Safety advocates in the Peach State have raised concerns about its decision to let teens obtain a driver’s license without having to pass road tests due to the coronavirus and the impossibility to safely conduct the test.
The Atlanta Journal-Constitution reported that some parents raised the concern about the road test to Gov. Brian Kemp’s office. They claimed that their children had completed other standard requirements and even driver’s education, but now they were essentially stuck.
The report said that other states have implemented similar guidelines. Kemp reportedly waived the road test last month and 20,000 of the 30,000 teens who are eligible have received licenses.
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The paper explained why some in the state are concerned about the move. Statistics show that about 80 percent of those who take the test pass, but that means about 20 percent fail, so there could be thousands behind the wheel that would have bombed the road test.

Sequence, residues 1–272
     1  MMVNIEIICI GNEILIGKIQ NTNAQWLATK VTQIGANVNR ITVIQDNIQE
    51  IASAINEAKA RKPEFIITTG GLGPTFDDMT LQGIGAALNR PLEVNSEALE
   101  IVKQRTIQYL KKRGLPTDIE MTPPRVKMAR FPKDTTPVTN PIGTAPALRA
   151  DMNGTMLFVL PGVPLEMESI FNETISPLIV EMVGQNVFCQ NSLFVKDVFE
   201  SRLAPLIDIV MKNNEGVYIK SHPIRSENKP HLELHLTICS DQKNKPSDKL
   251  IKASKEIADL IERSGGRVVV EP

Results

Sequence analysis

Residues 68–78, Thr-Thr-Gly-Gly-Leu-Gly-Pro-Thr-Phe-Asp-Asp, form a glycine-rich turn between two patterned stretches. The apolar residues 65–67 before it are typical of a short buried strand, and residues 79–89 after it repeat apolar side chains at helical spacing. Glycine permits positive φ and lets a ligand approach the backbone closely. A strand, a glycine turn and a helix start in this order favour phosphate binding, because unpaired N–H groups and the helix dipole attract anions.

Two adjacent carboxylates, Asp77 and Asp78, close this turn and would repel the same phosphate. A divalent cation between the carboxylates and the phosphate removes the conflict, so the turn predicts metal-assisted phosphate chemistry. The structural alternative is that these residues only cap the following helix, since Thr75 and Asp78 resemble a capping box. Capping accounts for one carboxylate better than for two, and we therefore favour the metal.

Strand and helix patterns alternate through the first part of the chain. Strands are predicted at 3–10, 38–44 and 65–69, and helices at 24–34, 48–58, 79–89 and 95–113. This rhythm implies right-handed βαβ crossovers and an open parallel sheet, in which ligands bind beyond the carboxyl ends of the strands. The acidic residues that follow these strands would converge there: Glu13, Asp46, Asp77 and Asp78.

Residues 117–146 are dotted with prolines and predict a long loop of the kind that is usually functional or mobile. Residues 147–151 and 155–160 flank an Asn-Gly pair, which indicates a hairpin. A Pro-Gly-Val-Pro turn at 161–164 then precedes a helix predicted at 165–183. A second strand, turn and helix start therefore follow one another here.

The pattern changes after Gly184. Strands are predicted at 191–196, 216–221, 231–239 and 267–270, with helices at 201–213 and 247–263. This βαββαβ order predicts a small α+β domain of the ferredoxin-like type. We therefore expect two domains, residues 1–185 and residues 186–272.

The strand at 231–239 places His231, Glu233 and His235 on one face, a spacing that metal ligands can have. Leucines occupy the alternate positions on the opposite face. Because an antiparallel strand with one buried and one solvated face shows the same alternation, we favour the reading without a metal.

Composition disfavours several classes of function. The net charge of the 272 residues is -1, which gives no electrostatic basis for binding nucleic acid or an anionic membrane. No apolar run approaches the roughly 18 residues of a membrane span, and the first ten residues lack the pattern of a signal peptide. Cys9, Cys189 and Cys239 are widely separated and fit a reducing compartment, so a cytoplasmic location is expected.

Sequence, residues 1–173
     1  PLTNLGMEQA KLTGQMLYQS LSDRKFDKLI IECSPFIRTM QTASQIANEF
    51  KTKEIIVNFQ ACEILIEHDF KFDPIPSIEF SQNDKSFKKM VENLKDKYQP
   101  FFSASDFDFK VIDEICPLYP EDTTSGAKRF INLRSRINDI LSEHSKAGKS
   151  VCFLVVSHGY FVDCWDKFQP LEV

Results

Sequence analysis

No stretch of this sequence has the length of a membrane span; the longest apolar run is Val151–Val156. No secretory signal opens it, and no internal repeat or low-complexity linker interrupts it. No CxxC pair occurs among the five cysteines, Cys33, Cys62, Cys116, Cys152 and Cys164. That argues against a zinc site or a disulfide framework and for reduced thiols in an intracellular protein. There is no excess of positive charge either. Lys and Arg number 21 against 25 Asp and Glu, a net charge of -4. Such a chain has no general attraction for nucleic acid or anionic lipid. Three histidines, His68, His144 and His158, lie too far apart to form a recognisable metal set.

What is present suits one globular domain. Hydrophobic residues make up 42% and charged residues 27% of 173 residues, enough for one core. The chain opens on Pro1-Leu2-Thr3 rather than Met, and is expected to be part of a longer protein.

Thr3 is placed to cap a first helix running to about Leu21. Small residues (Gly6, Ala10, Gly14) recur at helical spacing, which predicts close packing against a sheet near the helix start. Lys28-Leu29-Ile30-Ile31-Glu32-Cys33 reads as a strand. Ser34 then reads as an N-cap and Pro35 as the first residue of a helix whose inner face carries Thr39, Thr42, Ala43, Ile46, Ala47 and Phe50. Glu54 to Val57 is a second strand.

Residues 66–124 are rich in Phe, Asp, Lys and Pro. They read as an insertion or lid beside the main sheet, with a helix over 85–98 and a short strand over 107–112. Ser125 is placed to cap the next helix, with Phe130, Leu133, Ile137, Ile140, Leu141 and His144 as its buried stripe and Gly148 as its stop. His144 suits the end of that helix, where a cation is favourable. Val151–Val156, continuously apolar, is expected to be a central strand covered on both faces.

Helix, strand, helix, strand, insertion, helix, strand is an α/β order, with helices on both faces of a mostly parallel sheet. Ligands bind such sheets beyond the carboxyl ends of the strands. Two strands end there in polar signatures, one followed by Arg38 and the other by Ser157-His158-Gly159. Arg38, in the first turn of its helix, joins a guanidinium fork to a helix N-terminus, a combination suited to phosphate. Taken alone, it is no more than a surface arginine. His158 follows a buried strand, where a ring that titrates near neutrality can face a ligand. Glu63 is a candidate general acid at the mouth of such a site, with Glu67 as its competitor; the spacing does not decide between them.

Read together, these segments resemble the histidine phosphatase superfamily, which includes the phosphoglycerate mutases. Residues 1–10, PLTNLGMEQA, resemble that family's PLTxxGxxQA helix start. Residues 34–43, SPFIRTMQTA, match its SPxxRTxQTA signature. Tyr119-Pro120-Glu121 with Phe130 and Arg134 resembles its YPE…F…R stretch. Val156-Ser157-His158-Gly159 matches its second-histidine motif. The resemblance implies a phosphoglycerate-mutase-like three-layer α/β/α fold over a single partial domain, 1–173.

Rebecca Weast, a researcher at the Insurance Institute for Highway Safety, told the paper that her “gut reaction” to the state’s move was: “Oh my God, why?”
“It’s just such a standard part of becoming a driver that removing it seems kind of odd,” she said.
Willa Pevey, a 17-year-old from Tucker, Ga., told CNN that she was relieved that she did not have to take the test because she was “nervous” about parallel parking.
“So I was happy that I didn’t have to do it,” she said.
Sarah Casto, a driving instructor in Georgia, told the network that she started an online petition in an attempt to urge Kemp to reverse his office’s decision.
“Everyone’s response is always that parents should be responsible for their kids, but we can’t assume that everyone has responsible parents. That is a dangerous idea,” she said.
Jimmy Taylor, who owns Taylor Insurance Agency in the state, told WFXL.com that doing away with road tests could end up being a good thing.
“I do not think that test is a good measure or the measure to how that driver’s gonna be,” he said. “Because certainly, we’ve seen people that in the past have gone through that procedure, and we still have the same amount of accidents, or exposure that you would have from a young driver.”